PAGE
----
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In response to: Legality of exclusive use policy is debated

Clarifying the exclusive use law and my position

A few points of clarification of my role and stance regarding the exclusive use common area (EUCA) law.

I did not promote the enactment this particular code section which restricts grants of EUCA, as reported. I became involved in lobbying in favor of the parent bill, AB1098, when its sole purposes were expansion of members' rights to review association records, and the recently enacted election process reforms which were eventually clipped out and moved to another bill before AB1098 was passed. The exclusive use restrictions were the author's own idea after hearing EUCA horror stories from another CID, and he added that code section on that separate subject into the bill very late in the process. In a negotiation I attended with lobbyists for the consumer and industry groups I distanced myself from that part of the bill and made clear that my mission in being there was to protect the records access provisions of the bill from an attempt by the industry to gut those consumer protections and keep your nose out of your association's business. Surprisingly the industry was also so focused on the records provisions they didn't make any real effort to talk him, or the rest of the Legislature, out of the EUCA provisions.

I do not see that code section as threatening any existing exclusive uses created prior to the bill becoming effective
on 1/1/06, including routine renewals for new owners of homes with existing pre-1/1/06 EUCA leases. My concern is that the law clearly requires that most new EUCA grants after 1/1/06 which take additional open space land away from the general membership for the first time must be approved by a vote of the membership, and that RMA risks a real legal mess if we keep pretending the law doesn't apply to us just because our CC&Rs say the board can give away open space common area. The very purpose of the law is to transfer that decision-making power from boards to the members, and it was enacted in response to the behaviors of boards who ostensibly had, like ours, legal powers to transfer EUCA. The law isn't about EUCAs which were already illegal for lack of any board powers. Its purpose is to limit existing, legitimate board powers by giving the membership a direct say in what lands are taken away from them.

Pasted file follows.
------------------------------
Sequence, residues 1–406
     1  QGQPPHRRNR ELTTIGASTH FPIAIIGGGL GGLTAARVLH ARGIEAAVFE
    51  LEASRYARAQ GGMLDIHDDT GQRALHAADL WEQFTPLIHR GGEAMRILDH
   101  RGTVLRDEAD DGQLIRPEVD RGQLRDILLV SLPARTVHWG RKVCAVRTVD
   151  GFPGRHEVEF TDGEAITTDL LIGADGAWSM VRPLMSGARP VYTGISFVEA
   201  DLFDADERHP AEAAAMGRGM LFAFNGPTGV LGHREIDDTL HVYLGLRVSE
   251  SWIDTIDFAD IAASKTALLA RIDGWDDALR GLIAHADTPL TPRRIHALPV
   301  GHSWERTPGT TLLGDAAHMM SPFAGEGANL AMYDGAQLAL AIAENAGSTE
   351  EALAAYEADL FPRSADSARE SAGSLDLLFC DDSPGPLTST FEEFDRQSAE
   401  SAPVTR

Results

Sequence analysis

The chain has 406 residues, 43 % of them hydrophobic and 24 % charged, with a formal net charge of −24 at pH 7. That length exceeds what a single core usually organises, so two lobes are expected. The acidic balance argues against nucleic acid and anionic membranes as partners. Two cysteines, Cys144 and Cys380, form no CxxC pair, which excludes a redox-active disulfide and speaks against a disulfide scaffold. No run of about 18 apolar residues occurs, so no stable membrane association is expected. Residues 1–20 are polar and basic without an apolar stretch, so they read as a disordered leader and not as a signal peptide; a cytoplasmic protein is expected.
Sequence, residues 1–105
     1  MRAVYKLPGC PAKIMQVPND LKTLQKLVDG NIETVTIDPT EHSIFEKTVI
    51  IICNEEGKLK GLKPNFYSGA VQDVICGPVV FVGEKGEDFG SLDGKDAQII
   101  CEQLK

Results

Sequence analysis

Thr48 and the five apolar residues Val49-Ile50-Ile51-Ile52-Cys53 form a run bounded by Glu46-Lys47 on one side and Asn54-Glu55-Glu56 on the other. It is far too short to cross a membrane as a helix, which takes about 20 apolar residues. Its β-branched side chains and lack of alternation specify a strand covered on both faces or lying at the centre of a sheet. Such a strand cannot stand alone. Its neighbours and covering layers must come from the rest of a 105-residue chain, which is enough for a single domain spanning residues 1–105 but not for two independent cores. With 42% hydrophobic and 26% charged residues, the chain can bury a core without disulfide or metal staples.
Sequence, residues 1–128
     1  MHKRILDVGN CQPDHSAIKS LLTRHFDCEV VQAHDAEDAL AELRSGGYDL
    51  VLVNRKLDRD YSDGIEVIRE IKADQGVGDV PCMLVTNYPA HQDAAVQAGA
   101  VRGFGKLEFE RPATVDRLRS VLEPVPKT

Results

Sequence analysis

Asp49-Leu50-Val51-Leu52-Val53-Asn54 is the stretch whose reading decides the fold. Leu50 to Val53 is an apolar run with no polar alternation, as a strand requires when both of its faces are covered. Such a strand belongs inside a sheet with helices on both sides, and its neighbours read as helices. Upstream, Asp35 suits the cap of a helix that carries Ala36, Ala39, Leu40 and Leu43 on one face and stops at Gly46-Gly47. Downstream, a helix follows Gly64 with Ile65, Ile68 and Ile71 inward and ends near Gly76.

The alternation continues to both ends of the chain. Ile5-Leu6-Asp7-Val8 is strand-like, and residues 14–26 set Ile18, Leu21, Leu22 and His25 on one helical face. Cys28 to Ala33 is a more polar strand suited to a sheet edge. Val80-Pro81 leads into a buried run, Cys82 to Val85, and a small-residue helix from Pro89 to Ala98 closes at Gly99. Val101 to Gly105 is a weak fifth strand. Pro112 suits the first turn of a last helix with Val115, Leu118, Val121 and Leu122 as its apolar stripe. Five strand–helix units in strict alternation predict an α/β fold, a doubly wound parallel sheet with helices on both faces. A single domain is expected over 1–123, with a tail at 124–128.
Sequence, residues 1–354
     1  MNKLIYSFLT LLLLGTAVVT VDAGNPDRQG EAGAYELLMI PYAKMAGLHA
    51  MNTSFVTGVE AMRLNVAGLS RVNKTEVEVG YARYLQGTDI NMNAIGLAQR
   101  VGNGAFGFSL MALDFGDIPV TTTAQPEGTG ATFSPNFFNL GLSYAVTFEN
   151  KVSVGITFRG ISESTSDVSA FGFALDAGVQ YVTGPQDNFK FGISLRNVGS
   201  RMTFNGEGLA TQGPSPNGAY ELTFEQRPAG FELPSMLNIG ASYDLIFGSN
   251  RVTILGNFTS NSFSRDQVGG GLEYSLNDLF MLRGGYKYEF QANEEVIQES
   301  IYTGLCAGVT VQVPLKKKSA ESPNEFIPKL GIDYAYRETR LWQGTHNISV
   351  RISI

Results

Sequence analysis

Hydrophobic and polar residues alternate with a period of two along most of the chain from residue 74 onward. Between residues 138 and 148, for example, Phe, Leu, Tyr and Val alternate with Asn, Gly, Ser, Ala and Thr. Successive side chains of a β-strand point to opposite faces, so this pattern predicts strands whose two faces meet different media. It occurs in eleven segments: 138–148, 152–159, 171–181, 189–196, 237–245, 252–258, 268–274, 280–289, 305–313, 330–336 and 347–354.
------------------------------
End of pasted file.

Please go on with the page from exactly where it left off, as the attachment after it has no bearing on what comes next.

The new law, Civil Code section 1363.07, says "...unless the association's governing documents specify a different percentage, the affirmative vote of members owning at least 67 percent of the separate interests in the common interest development shall be required before the board of directors may grant exclusive use of any portion of that common area to any member, except for any of the following:"

It then lists several exceptions. The one which will occasionally apply in RMA is: "To transfer the burden of management and maintenance of any common area that is generally inaccessible and not of general use to the membership at large of the association." "And" means it has to be both.

The problem is, a lot of the open space RMA hands out for exclusive uses is not "generally inaccessible." So that
excuse for not putting those particular EUCAs out for a vote won't work. So, instead, to dodge an admittedly difficult problem, RMA is trying to pretend our CC&Rs provide a "different percentage" because they permit a majority of the board to grant EUCA. That won't cut it in court, because in context that sentence clearly refers to a different percentage of member votes. Read the above quote again.

Despite the pretense this is all mystical and complicated, it's written in pretty plain English. The Legislature is plainly talking about what percentage of member votes it takes to approve one of these.

Right or wrong, that law says what it says. If it causes problems in RMA, and it does, the answer is to take a "time
out" and try to get the law changed, not to try to ignore it, keep doing business as usual, and hope nobody sues, which seems to be the course we've been on for nearly two years now. That's why I've urged that before the law is violated any more times under the dubious claim that we're exempted, this question instead be settled in a low-risk "test case" in small claims court, before a series of six-figure lawsuits erupt over properties in which large sums have been invested in improvements in reliance upon unlawfully granted exclusive uses.

I sympathize with owners of small lots who have been misled by realtors and some previous community leaders into believing they had an absolute "right" to lease land for a pools, landscapes and decks. But that mythical "right" isn't absolute and never was, and now the law has changed and severely limited the board's discretion to keep doing this. RMA has to either get the law changed (as we did successfully re: golf cart crossings) or abide by it, or we're going to get into a real pickle.

-- Wilbur Haines, July 22, 2007

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